• [0055]
    Preferably, the step of providing one or more optical stimuli comprises providing one or more optical stimuli to separate locations on the retina.
  • [0056]
    A number of responses can be determined in one measurement which corresponds to a number of different locations on the retina.
  • [0057]
    Preferably, the step of providing one or more optical stimuli comprises providing one or more optical stimuli to the retina in accordance with one or more m-sequences.
  • [0058]
    M-sequences are useful for determining impulse responses, impart more energy to the retina because they are longer than standard sequences, and result in a higher signal to noise ratio.
  • [0059]
    Preferably, the step of providing one or more optical stimuli comprises separating each of the one or more m-sequences by a predetermined temporal spacing.
  • [0060]
    Another benefit of the m-sequence is that by their nature multiple identical m-sequences can be used, spaced in time, and each still remain detectable.
  • [0061]
    Alternatively, the method further comprises the step of generating the one or more predetermined stimulation sequences.
  • [0062]
    In this way, particular sequences can be generated depending on the application. Furthermore, suitable m-sequences can be generated dependent on criteria such as maximum measurement time, desired signal to noise etc.
  • [0063]
    Preferably, the step of obtaining one or more images comprises obtaining one or more optical coherence tomography images of the retina.
  • [0064]
    Obtaining optical coherence tomography (OCT) images provides cross sectional images of the retina which may be cross-correlated with the stimulation sequences in order to determine a structural response of the retina.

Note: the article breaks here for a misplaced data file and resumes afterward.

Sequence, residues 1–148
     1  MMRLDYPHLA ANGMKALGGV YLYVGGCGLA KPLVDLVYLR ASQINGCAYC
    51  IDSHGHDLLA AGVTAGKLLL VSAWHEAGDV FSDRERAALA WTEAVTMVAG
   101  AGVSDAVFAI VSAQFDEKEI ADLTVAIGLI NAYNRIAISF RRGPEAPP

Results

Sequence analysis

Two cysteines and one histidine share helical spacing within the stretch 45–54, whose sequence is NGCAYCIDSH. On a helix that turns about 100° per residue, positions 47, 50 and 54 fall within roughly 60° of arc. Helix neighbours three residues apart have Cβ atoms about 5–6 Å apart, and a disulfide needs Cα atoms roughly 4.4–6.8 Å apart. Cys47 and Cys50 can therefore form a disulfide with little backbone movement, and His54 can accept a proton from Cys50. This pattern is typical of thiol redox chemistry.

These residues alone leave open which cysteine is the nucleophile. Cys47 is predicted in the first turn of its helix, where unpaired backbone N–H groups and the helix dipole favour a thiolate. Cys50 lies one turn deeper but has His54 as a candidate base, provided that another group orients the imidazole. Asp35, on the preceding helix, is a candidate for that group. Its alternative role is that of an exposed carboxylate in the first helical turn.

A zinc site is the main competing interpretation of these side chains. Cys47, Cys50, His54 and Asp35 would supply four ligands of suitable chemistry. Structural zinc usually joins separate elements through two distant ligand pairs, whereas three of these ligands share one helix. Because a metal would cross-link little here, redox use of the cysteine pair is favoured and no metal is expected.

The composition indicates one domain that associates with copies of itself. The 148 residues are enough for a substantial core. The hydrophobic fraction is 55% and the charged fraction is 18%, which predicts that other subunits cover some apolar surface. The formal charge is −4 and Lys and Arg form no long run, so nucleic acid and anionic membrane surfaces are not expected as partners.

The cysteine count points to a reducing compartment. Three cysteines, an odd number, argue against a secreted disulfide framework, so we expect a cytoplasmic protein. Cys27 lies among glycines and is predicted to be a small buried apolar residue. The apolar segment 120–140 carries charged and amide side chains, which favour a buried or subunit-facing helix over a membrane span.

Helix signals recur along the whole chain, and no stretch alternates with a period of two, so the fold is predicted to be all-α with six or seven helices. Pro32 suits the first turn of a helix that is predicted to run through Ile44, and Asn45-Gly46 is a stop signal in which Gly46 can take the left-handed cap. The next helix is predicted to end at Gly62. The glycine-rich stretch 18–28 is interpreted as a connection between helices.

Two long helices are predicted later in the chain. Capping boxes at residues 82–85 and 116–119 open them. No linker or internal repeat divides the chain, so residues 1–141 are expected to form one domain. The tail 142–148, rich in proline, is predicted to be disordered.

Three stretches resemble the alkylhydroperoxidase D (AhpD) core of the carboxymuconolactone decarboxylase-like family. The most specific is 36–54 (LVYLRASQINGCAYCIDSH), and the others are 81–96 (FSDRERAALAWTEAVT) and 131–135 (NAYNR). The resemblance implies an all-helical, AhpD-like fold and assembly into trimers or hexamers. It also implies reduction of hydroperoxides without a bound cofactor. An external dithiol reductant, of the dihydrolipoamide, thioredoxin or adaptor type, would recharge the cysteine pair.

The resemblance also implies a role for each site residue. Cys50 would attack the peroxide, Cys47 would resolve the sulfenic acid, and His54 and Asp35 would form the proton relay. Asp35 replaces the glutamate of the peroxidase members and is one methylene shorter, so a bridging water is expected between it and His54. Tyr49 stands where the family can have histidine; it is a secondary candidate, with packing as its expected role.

• [0065]
    Optionally, the step of obtaining one or more images comprises obtaining one or more reflectance images of the retina.
  • [0066]
    Obtaining reflectance images of the retina provides a visual map of the surface of the retina which may also be compared with or correlated with the stimulation sequences. These images may be obtained by scanning laser ophthalmoscopy (SLO) or standard digital colour cameras.
  • [0067]
    Preferably, the step of determining the response of the retina to each of the one or more optical stimuli comprises determining an electrical signal as a function of time.
  • [0068]
    By determining the electrical signal as a function of time, the apparatus may provide a temporal correlation between the retinal response corresponding to the signal and the stimulation which is known as a function of time.
  • [0069]
    Preferably, the step of determining the response of the retina to each of the one or more optical stimuli comprises determining an optical change between at least two of the one or more images.
  • [0070]
    An optical change in a region of the retina may be the result of underlying physical processes which effect a change in the reflectance properties of retinal cells in that region. This provides a measurement of the functional integrity of the retinal cells.
  • [0071]
    Preferably, the method further comprises the step of synchronising the one or more imaging means with the one or more predetermined stimulus sequences.
  • [0072]
    By ensuring that acquisition of the images is synchronised with the stimulus sequences, each image can be cross-correlated with a particular stimulus sequence event.
  • [0073]
    According to a third aspect of the present invention, there is provided a module for processing images of a retina, the module comprising:
      • image input means adapted to receive one or more images of the retina;
      • sequence input means adapted to receive one or more sequences corresponding with the one or more images of the retina; and
      • one or more processing means adapted to correlate the one or more images of the retina with the one or more sequences so as to determine one or more responses of the retina to each of the one or more optical stimuli.
  • [0077]
    The module may be incorporated into existing systems so as to allow them to take advantage of the present invention.
  • [0078]
    Preferably, the processing means determines an optical change between at least two of the one or more images.
  • [0079]
    Preferably, the processing means determines an optical change between at least two of the one or more images as a function of time.